We will not successfully reduce the burden of chronic diseases without an approach that integrates nutrition and physical activity strategies across a variety of settings and populations. For example, if physicians begin counseling their patients to walk more, their patients will not be able to do so unless their neighborhood has sidewalks or is a safe place to walk. We also know that we must raise the awareness of people with risk factors for Cardiovascular Disease like high cholesterol and blood pressure and emphasize the link to prevention through physical activity and good nutrition. As you may know, a study from Philadelphia has shown that the areas with the highest death rates from nutrition related diseases coincide with the areas of the city that lack supermarkets. Inner city residents of Philadelphia will not be able to increase their fruit and vegetable intake to prevent cancer and heart disease without access to supermarkets.
Currently CDC funds 12 States, at a capacity-building level (average award of $450,000) to prevent and reduce obesity and its related chronic diseases. Our support permits States to develop and test nutrition and physical activity interventions to prevent obesity through strategies that focus on policy-level changes (e.g., the State assesses and rates childcare centers for nutrition and active play) or supportive environments (e.g., competitive pricing of fruits and vegetables in school cafeterias). Examples of these approaches can be illustrated by the experience in three States.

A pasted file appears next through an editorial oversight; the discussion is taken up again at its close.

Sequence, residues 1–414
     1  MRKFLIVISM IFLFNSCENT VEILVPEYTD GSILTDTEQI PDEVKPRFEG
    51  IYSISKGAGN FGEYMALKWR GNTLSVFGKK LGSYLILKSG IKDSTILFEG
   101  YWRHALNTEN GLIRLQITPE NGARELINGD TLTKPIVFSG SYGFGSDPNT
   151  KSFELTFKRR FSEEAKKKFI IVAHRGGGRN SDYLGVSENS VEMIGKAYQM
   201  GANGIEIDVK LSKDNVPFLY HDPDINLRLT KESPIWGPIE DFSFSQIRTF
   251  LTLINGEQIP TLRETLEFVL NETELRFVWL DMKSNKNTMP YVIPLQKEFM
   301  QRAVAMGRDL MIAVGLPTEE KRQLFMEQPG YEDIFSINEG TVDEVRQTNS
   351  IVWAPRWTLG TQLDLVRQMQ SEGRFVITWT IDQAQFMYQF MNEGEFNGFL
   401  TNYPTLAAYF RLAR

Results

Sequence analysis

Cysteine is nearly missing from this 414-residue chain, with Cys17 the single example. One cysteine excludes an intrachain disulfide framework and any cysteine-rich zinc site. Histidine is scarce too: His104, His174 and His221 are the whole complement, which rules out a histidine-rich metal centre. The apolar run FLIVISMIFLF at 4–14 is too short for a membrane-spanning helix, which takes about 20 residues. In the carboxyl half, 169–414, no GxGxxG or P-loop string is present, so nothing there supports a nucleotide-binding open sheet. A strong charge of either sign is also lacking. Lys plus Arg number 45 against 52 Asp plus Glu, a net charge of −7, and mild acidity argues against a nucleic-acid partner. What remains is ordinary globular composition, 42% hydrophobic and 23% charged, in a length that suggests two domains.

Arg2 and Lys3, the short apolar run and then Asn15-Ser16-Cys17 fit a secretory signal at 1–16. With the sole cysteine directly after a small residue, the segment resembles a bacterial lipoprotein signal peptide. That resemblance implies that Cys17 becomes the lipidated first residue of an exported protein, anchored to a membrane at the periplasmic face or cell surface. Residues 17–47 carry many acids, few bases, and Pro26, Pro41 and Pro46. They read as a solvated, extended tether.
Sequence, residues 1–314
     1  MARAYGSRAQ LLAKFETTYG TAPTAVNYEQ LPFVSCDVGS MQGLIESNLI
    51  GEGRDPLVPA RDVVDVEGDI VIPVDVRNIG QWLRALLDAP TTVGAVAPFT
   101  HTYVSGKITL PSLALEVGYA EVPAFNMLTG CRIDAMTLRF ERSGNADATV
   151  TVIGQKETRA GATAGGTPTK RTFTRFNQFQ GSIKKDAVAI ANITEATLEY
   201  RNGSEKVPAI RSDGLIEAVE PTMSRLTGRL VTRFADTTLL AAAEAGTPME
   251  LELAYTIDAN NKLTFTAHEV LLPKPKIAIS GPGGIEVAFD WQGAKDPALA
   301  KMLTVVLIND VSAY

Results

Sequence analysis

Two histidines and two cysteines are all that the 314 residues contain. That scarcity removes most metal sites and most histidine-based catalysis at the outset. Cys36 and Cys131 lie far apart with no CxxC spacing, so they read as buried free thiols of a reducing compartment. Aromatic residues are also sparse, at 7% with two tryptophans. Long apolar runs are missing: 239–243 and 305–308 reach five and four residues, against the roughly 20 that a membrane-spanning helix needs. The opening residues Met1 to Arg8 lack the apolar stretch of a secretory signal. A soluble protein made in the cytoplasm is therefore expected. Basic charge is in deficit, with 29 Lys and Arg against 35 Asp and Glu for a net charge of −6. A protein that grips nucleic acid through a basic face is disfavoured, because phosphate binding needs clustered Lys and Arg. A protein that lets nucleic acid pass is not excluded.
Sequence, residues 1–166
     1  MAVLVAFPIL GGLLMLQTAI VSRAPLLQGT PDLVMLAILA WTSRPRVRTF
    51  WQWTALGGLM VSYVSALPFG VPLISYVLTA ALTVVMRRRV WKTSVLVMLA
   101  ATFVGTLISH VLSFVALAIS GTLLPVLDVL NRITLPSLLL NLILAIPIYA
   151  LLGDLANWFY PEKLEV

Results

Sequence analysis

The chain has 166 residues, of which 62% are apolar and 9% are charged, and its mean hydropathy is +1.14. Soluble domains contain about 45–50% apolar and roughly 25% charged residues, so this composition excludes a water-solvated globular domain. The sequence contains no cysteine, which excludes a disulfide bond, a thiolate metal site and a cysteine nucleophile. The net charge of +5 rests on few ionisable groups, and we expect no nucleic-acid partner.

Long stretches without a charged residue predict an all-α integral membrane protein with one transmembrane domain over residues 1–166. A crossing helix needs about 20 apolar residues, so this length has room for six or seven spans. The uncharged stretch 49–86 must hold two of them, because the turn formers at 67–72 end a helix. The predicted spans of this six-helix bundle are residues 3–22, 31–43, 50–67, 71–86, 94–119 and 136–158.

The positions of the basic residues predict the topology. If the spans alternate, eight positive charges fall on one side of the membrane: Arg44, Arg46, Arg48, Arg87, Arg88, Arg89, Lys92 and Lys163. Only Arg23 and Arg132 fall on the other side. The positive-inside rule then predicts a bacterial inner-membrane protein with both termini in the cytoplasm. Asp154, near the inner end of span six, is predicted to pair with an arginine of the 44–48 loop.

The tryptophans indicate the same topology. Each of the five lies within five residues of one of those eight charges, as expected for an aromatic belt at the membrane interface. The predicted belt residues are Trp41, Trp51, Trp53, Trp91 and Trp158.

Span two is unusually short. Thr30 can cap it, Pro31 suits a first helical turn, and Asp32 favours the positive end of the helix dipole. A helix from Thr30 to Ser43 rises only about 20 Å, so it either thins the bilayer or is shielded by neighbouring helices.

The Pennsylvania Department of Health received funding from CDC to develop a State Nutrition and Physical Activity Program to Prevent Obesity and Related Chronic Diseases in July 2001. The Department convened stakeholders to develop a comprehensive and coordinated nutrition and physical activity plan. The plan incorporates a broad range of activities to promote nutrition and physical activity to prevent obesity. An initial outcome of the planning process was the creation of PANA (Pennsylvania Advocates for Nutrition and Activity), a statewide coalition to coordinate the implementation and evaluation of the state nutrition and physical activity plan. On February 11, PANA released a community version of the plan at a meeting of representatives from the six health regions across the state. Using the plan as a guide, PANA will focus efforts around community environments, youth and families, and healthcare practices. PANA will also coordinate communication, information advocacy, and research and evaluation for the priority areas.